‘Realy’ or ‘Really’: How to Spell ‘Really’ Correctly

By Shanea Patterson, updated on November 15, 2022

Wondering whether to write ‘realy’ or ‘really’? We’ll get into the answer to that and teach you how to use the word in a sentence correctly.

Don’t want to skim? Here’s the short answer:

  • the correct spelling is ‘really.’ It’s never correct to spell it ‘realy.’

Really or Realy – A Quick Spelling Guide

You’ve already learned that the correct spelling for the word is ‘really,’ and not ‘realy.’ It would be ungrammatical to spell it that way.

Realy or Really - Which is Correct?

 So, now you know which spelling is correct. It’s really not that complicated of a word to spell when you think about all the other words in the English language that are much more difficult to spell.

But let's quickly define the word before we talk about how to use it in a sentence correctly.

Definition of 'Really': What Does 'Really' Mean? 

The Merriam-Webster definition of ‘really’ is:

  • in reality, actually
  • truly, unquestionably
  • very
  • used to emphasize an assertion

Some synonyms of the word include:

  • Actually
  • Genuinely
  • Very
  • Authentically
  • Truly
  • Certifiably
  • Veritably

Take a look at some phrases containing the word really:

  • Not really
  • Really and truly
  • You really get me
  • You really had me going
  • I really don’t care

Understanding Adverbs

An adverb is a word that modifies other adverbs, verbs, or adjectives.

The word ‘really’ is considered an adverb because it describes all kinds of adverbs, verbs, and adjectives.

Here's an example:

  • She did really well on her math test this week.

Adverbs are similar to adjectives in that they describe words also, but adverbs usually tells us what kind, how many, or which kind of noun or pronoun we’re talking about.

Whereas adjectives usually describe an action by showing us how, when, where, and to what extent something happened.

A Brief History of the Word

The word ‘really’ has been around since the 15th century, but the origin of the word isn’t well known, like so many other words in the English language.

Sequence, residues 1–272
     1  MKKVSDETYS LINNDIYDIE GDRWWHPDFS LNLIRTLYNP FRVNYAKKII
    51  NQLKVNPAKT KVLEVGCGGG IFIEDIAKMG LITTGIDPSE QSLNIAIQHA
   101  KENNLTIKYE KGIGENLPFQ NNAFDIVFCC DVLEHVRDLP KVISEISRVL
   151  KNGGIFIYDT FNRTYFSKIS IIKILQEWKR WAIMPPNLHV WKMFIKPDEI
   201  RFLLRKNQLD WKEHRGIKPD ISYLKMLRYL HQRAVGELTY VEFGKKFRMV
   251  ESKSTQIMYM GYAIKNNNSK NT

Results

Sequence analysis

• However, it’s believed to refer to the actual presence of Christ in the Eucharist.

It’s been used as an interjection since the 1800s, much like it’s used today.

For example:

  • “Oh, really?”

When using the phrase this way, it tends to carry with it a sense of disbelief. You’ve likely seen this on social media or even heard it in everyday conversations.

For example, if someone tells you a ridiculous story or excuse that seems pretty far-fetched, you’re likely to respond with an “Oh, really?” in your head. Unless, of course, you’re outspoken enough to actually say it to the person.

  • Sometimes, it’s used to express sarcastic disbelief, similar to the way “bruh” is used.

When someone says something outrageous or tells a blatant lie, a typical response might be:

  • “Really?”
  • “Really, bro?”
  • “Bruh”

The following would be typical responses from younger generations, like Millennials and Gen Z.

How to Use ‘Really’ in a Sentence 

Now that you know the definition and which spelling of the word is correct, let’s see how it’s used in a sentence correctly.

Check out some examples:

  • I’m really struggling as a master’s student this semester; the workload is insane.
  • Is it really the 31st of the month already? Where has the time gone?
  • Sorry to bother you, but I really need a ride home.
  • We really need to take some photos of this event to show potential clients.

Concluding Thoughts on ‘Realy’ and ‘Really’

You’ve learned the correct spelling, the definition, and how to use the word in a sentence. Keep all this in mind as you continue learning the language or brushing up on your skills.

  • Remember, ‘really’ really has two ‘Ls.’

And if you still struggle with other confusing words, you can head back on over and browse our library of articles dedicated to explaining confusing words and phrases.

We encourage you to share this article on Twitter and Facebook. Just click those two links - you'll see why.

It's important to share the news to spread the truth. Most people won't.

Written By:
Shanea Patterson
Shanea Patterson is a writer based in New York and loves writing for brands big and small. She has a master's degree in professional writing from New York University and a bachelor's degree in English from Mercy College.

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